Did volcanic ash kill 5,000 sheep?

The deaths of 5,000 sheep this spring remain an enigma.

The deaths of 5,000 sheep this spring remain an enigma. Photo: Sigurður Bogi Sævarsson

Some 5,000 sheep died this spring in Iceland in baffling circumstances. The latest theory is that the deaths were caused by sulphur released by the Holuhraun volcanic eruption.

The unexplained deaths, hitting West and North Iceland worst, remain an enigma. According to Jónas Elíasson, Professor of Engineering at the University of Iceland, the answer could be digestive complications caused by ingesting volcanic sulphur.

“When the ash cloud moves over the country from the east, it is often accompanied by rain,” explains Elíasson. “The rain cleans the sulphur out of the air and snow does the job even better. When the snow melts in the spring, the sulphur remains on vegetation and in the soil.”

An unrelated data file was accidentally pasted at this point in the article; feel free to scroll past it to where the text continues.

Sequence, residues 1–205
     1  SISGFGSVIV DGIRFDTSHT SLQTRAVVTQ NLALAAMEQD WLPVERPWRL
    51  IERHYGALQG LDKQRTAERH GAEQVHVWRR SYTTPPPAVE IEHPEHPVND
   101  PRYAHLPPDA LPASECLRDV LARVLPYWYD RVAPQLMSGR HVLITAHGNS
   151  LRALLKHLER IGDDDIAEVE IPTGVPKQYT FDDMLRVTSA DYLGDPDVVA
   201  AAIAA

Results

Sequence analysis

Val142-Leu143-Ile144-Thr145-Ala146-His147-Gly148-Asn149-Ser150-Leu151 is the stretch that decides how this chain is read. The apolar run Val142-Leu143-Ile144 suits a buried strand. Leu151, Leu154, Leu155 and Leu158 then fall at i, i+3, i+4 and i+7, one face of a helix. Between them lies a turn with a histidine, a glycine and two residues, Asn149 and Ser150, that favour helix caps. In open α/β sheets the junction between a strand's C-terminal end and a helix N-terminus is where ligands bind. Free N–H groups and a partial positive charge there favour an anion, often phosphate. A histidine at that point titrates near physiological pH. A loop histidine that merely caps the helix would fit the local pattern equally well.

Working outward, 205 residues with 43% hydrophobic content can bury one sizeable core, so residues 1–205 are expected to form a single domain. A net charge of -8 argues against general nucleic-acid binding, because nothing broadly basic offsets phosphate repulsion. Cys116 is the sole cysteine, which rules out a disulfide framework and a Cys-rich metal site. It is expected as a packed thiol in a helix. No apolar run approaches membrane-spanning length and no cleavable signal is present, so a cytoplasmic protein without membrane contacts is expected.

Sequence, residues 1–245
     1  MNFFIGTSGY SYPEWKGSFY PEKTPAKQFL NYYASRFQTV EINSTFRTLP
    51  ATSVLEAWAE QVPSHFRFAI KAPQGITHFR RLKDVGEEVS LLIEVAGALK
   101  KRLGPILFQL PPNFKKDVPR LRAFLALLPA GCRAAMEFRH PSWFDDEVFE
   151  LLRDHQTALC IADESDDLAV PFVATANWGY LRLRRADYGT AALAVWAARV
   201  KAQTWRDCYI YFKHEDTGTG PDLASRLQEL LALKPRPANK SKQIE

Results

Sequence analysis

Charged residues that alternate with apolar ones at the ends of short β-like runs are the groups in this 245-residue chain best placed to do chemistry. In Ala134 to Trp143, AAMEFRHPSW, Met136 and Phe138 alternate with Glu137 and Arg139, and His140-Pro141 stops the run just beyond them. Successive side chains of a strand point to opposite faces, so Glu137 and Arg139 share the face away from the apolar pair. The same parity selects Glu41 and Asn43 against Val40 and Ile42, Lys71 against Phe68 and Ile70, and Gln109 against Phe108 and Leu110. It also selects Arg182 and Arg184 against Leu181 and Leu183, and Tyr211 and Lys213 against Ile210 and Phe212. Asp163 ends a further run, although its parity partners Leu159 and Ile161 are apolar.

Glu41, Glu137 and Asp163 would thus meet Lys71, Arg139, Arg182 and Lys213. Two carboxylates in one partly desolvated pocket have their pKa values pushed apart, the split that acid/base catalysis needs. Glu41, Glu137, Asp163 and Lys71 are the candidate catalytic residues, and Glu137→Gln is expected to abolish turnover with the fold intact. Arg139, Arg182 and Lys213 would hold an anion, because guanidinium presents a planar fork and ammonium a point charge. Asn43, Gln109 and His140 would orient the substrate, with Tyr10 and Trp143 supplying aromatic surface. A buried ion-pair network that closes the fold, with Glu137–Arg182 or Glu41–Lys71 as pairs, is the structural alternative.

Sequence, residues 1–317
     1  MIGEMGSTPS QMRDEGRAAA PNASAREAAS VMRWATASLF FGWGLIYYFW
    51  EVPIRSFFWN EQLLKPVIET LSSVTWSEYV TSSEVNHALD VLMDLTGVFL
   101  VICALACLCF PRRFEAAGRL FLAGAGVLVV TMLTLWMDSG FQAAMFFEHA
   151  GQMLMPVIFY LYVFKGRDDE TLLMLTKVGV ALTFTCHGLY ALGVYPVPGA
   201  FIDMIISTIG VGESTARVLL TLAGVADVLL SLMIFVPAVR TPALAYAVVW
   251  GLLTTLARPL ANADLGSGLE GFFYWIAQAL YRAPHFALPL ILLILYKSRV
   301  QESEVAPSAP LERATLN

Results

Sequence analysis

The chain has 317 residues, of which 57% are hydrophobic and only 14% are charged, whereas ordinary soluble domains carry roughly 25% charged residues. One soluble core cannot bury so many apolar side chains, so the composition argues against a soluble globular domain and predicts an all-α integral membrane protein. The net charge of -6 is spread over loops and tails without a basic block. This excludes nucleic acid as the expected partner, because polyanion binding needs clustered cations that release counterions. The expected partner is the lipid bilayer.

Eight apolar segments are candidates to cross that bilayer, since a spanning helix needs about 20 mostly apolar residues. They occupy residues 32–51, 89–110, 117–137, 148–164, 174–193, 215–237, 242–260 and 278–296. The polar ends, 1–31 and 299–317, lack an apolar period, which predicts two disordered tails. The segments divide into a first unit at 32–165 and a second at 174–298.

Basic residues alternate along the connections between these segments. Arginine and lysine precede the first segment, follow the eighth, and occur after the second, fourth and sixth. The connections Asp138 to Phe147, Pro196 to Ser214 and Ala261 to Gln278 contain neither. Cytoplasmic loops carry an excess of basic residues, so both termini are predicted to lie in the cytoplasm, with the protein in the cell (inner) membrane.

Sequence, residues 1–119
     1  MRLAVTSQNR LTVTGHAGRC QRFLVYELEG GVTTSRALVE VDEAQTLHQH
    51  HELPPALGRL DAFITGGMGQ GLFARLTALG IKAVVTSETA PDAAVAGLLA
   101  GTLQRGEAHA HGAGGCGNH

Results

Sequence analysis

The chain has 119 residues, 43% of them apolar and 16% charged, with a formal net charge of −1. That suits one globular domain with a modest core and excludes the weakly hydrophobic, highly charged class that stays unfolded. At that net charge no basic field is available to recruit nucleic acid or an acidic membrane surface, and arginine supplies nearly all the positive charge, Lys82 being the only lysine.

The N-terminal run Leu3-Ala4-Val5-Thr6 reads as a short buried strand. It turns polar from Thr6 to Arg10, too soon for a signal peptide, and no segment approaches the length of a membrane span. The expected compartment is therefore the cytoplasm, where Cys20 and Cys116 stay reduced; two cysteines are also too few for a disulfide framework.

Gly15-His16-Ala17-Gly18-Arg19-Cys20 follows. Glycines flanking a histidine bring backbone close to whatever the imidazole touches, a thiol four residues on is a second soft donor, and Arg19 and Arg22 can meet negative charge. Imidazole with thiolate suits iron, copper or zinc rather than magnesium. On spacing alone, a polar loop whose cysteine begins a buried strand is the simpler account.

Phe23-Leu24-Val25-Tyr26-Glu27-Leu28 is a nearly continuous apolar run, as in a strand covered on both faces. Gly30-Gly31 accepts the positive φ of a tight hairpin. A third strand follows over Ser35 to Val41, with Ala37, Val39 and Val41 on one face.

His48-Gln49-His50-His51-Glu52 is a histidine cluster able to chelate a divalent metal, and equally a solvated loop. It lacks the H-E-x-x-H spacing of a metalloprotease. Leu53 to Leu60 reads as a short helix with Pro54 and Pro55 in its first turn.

Ewes are particularly vulnerable during the spring lambing season and sulphur can disrupt their digestive system, leading to malnutrition and starving to death.

Elíasson explains that an in-depth study of correlation between the sheep deaths and sulphur precipitation is possible.

Other suggested causes for the unexplained deaths include the cold weather and poor-quality feed.

Is sulphur from the Holuhraun eruption to blame?

Is sulphur from the Holuhraun eruption to blame? Photo: RAX

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